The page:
Meteorites are found almost every day, by all sorts of people. From professional geologists to just about anyone who happens to be in the right place at the right time. But which are the biggest of them all? Read on and find out…
10 – Campo del Cielo, Argentina (Estimated Weight in Tonnes: 13)
Campo del Cielo was not just the discovery of this giant meteorite, but of a group of iron meteorites found in that area.
9 – Chupaderos, Mexico (Estimated Weight in Tonnes: 14)
Once again made of iron, this enormous iron mass was discovered in 1966.
8 – Willamette, USA (Estimated Weight in Tonnes: 14.1)
This iron-nickel meteorite was discovered in 1902 and has now been seen by other 50 million people! Meteorites are worth their weight in tourism it seems.
7 – Armanty, Mongolia (Estimated Weight in Tonnes: 20)
The meteorite measures 2.2 metres long and is covered in the names of passing Kazakh herdsmen because they saw it as little more than a waypoint marker!
6 – Agpalilik, Greenland (Estimated Weight in Tonnes: 20.1)
The Agpalilik meteorite (often known as ‘The Man’) weighs about 20 metric tonnes and was found in 1894 by Robert E. Peary, the American Navy Arctic explorer.
5 – Mbozi, Tanzania (Estimated Weight in Tonnes: 26)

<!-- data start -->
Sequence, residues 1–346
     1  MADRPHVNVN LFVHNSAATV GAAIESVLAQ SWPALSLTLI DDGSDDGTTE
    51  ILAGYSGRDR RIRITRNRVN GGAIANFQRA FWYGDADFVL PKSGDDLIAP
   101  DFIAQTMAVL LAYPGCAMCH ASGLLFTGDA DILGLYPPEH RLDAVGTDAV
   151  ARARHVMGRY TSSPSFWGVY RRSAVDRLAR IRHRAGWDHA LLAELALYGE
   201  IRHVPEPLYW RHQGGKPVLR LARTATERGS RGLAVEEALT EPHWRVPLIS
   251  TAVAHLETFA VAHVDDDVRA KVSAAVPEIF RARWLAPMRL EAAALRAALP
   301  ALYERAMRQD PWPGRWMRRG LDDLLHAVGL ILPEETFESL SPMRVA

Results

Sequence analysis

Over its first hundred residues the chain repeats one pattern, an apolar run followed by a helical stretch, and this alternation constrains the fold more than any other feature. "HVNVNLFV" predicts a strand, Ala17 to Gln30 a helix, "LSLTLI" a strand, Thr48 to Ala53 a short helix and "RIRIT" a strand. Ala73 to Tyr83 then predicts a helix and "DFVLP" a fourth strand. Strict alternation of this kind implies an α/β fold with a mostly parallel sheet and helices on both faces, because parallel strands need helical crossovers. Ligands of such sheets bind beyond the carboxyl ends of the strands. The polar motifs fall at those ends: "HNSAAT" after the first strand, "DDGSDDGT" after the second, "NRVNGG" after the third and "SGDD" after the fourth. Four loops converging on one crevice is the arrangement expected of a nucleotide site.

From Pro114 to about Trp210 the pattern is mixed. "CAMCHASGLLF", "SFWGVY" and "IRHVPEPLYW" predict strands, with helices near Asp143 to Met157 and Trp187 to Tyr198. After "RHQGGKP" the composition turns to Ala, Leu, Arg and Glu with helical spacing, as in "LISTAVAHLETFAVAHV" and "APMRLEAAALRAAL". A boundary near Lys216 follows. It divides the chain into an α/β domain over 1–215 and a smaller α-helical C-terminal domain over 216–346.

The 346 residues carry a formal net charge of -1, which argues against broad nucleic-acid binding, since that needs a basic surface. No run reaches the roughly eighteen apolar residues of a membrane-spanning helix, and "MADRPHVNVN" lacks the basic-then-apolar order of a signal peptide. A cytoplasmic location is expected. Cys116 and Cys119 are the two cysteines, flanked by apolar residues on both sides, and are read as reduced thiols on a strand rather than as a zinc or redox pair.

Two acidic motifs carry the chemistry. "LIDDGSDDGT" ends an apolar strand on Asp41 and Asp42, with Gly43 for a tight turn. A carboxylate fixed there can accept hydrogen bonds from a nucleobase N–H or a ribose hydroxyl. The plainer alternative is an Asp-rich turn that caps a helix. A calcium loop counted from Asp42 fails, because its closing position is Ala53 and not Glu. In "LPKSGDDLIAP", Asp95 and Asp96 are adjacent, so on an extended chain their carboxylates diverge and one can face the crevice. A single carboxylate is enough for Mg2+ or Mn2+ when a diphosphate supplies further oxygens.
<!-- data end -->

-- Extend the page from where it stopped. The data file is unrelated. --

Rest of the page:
The Mbozi meteorite, one of the largest meteorites in the world and weighed an estimated 25 metric tonnes, and was around 3m long. But yet it left no impact crater!
4 – Bacuberito, Mexico (Estimated Weight in Tonnes: 27)
It was the largest meteorite found in Mexico and was found in to be a large, irregularly shaped mass of Fe-Ni metal
3 – Ahnighito, Greenland (Estimated Weight in Tonnes: 30.4)
There is something ironic that the largest iron meteorite in the world landed onto Meteorite Island in Greenland. Just kidding, it was named after it.
2 – Gancedo, Argentina (Estimated Weight in Tonnes: 30.6)
Unearthed in September 2016 this 30.6-tonne pebble is an iron-nickel meteorite that the locals called “Gancedo”.
1 – Hobo West, South Africa (Estimated Weight in Tonnes: 60)
It might not look like the biggest, but at just over 60 tonnes, this is something that could have been deadly if it landed on an urban population these days.